Monday, 19 March 2018

ANNIHILATION / TOMB RAIDER - Double Bill podcast review out tomorrow

DVD roundup: "Double the dads, but half the laughter" edition

The sequel to a film that really didn't justify a sequel, Daddy's Home 2 sees Mark Wahlberg and Will Ferrell return as the reconciled co-father, only for everything to go tits up again when their own fathers, played by Mel Gibson and John Lithgow, arrive for Christmas. I'll be honest, I really didn't want to watch this film. Looked boring, unfunny, and I really wasn't a fan of the first film. Listen to our review of the first film here.

Rex, or as its called in America, Megan Leavey, tells the true story of a new trainer in the K-9 unit who forms a close bond with an aggressive German Shepard. Obviously, there are going to be sad and upsetting moments in a movie about war, especially animals, but Rex chooses to focus itself on the trainer-dog relationship, rather then the politics of war.

This biographical film stars Annette Bening as Gloria Grahame, who finds love with a younger man, played by the much underrated Jamie Bell, and then is diagnosed with breast caner. Like Rex, Film Stars Don't Die in Liverpool is guaranteed to be weepy romance, but considering its cast, which also includes Julie Walters and Vanessa Redgrave, you know its going to be a good watch in terms of characterisation.

If you don't know about the creation of Wonder Woman, then you're in for a treat with Professor Marston and the Wonder Women. Dr. William Moulton Marston was an accomplished man, but he had a lot of help from the two women in his life: his wife Elizabeth and their lover Olive Bryne. Mixing in feminism, domination and submission, and polyamory, this looks to be a fascinating backstory to one of comics biggest heroes.

Sunday, 18 March 2018


63. “She never lied to us.”


I had not expected myself, having finished watching “Cat People,” to be comparing it to “Get Out,” but both films, in their time, challenged expectations of what a horror film can be, and Jordan Peele caused as much surprise with his debut feature film as Val Lewton had done with his.

The horror in “Cat People” is implied, and psychological in nature. Like the other films Lewton made as a producer at RKO Radio Pictures, the story didn’t necessarily need to be told as a horror film – it is grounded in our reality, and the characters are relatable, even being shown at work. In fact, the horror comes when it is needed, not just because the audience needs to be jolted in their seats.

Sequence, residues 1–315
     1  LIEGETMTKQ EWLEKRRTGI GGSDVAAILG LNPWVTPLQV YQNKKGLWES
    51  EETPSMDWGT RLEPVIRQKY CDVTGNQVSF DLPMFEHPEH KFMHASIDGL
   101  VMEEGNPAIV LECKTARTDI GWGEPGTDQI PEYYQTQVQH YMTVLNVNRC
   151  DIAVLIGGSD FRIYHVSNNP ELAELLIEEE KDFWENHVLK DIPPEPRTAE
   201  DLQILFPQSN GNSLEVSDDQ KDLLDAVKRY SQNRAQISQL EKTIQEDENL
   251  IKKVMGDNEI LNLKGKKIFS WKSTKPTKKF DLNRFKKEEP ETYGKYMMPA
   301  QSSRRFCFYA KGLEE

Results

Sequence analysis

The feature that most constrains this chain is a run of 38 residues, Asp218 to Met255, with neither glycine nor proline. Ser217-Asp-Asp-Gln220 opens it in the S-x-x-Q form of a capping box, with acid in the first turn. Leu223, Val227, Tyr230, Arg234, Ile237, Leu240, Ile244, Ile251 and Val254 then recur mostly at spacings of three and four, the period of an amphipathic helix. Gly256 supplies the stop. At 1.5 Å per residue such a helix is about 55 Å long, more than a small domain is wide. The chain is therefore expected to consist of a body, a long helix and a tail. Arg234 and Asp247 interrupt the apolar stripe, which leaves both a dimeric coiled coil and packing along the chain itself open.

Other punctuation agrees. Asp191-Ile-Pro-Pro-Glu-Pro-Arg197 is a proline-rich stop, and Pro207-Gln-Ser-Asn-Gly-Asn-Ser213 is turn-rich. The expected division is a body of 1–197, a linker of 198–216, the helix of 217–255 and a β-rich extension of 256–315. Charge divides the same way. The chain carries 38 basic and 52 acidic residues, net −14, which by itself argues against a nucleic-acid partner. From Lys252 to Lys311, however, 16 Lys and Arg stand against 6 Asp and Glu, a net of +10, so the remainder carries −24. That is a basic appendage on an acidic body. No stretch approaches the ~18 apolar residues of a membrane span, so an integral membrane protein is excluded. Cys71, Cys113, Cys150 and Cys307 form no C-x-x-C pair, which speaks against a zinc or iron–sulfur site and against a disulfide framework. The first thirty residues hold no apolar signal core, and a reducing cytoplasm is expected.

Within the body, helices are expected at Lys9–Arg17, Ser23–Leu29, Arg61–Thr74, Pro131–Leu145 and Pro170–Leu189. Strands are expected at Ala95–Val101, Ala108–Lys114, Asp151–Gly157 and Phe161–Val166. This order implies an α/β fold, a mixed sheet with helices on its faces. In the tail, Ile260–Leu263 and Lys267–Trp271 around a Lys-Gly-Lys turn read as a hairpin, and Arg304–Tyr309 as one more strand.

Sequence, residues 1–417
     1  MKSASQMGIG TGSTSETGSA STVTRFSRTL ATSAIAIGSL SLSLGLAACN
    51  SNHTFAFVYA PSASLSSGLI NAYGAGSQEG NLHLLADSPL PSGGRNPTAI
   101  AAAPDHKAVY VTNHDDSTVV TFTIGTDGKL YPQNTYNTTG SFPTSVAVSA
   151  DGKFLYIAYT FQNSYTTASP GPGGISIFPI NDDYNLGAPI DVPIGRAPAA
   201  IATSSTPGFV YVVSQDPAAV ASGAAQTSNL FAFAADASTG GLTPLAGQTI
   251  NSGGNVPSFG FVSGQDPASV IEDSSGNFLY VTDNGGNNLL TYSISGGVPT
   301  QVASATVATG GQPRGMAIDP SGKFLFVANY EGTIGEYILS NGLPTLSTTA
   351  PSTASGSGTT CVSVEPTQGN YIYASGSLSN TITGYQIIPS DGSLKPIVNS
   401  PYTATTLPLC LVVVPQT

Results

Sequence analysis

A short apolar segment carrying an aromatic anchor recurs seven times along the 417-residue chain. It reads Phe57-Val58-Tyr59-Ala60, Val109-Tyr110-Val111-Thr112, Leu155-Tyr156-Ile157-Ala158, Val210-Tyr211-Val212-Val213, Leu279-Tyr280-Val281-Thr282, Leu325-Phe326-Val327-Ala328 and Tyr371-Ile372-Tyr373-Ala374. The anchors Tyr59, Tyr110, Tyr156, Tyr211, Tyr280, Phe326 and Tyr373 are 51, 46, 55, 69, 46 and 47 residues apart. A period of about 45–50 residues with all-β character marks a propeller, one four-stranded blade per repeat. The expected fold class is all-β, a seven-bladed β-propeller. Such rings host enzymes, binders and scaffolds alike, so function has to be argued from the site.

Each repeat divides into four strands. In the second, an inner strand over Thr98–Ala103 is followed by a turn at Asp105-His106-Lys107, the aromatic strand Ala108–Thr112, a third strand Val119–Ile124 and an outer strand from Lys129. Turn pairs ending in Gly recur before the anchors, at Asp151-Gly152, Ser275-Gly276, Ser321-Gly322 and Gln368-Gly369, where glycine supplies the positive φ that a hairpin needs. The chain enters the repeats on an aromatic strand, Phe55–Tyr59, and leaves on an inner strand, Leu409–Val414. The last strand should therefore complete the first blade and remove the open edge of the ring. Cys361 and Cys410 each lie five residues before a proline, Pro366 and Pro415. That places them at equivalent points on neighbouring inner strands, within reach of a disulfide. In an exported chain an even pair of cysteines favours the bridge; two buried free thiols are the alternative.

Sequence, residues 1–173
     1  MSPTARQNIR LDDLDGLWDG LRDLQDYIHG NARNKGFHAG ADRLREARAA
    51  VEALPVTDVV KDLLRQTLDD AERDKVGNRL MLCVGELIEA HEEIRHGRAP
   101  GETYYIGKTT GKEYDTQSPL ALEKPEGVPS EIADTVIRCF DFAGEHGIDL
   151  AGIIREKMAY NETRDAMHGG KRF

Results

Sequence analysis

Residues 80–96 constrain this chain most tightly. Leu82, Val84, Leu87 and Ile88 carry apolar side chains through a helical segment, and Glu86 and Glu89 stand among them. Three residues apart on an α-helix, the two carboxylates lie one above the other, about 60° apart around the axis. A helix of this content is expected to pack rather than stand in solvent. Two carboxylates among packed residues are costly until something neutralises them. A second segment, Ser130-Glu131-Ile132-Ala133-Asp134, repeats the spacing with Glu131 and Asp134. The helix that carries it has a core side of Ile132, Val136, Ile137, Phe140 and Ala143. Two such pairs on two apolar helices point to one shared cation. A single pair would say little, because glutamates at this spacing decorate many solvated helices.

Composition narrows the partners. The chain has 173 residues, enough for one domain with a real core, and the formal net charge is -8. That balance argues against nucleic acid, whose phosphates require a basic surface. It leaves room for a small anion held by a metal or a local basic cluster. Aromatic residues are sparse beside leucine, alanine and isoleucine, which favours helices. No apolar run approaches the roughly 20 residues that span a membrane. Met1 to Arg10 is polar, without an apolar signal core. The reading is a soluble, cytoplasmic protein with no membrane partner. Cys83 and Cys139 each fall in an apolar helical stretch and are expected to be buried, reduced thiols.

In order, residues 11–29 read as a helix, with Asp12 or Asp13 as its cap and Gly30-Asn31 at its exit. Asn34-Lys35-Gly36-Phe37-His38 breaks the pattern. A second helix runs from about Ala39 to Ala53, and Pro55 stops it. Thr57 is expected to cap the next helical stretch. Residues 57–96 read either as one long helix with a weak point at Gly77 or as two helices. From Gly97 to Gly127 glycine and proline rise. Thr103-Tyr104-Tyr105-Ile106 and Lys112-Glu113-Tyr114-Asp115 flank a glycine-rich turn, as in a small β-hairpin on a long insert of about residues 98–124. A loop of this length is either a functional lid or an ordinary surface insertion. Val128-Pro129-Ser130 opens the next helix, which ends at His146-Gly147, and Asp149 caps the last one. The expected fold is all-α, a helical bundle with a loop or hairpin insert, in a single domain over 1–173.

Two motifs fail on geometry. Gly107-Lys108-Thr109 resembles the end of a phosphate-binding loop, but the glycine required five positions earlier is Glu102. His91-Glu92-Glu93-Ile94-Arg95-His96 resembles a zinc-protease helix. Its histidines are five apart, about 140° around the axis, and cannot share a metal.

The story concerns someone who, like Lewton, was born in Eastern Europe – Irena, a fashion designer, who is haunted by the stories of devil worship and witchcraft from her ancestors’ village, which turned them into cat people. She believes she will turn into a panther if she gives in to passion and becomes aroused. All of this is foreshadowed in the opening scene, based in a zoo, where Irena discards sketches she made, but didn’t like, of a panther, which attracts a man, Oliver, who begins to talk to her - one sketch has a sword put through the panther.

The psychology and reason of the “new world” is played against the myth and tradition of the world, as Oliver, who goes on to marry Irena, his co-worker Alice, and a psychiatrist, all believe Irena is letting these stories control herself, but the reactions she gets from pets brought by Oliver for her, and being called “my sister” by a woman in a restaurant, remarked upon for looking like a cat, only convinces Irena further. As the others begin to suspect what they are seeing and hearing themselves, the threat of what they dismissed becomes more and more real.

“Cat People” begins and ends with quotes that allude to good and evil existing in the same place, and with a main character that embodies a kind of inevitability in their turning to darkness – a kind that even marriage cannot solve – you find that what was meant to have been a straightforward horror film actually contains very mature themes for the time. The shadows and fog of “Cat People” coincided with the birth of film noir, with RKO’s 1940 film “Stranger on the Third Floor” seen as the first of the genre, continuing into 1947’s “Out of the Past,” a masterwork by “Cat People’s” director, Jacques Tourneur. All three films have the same cinematographer, Nicholas Musuraca, whose use of light defined the genre.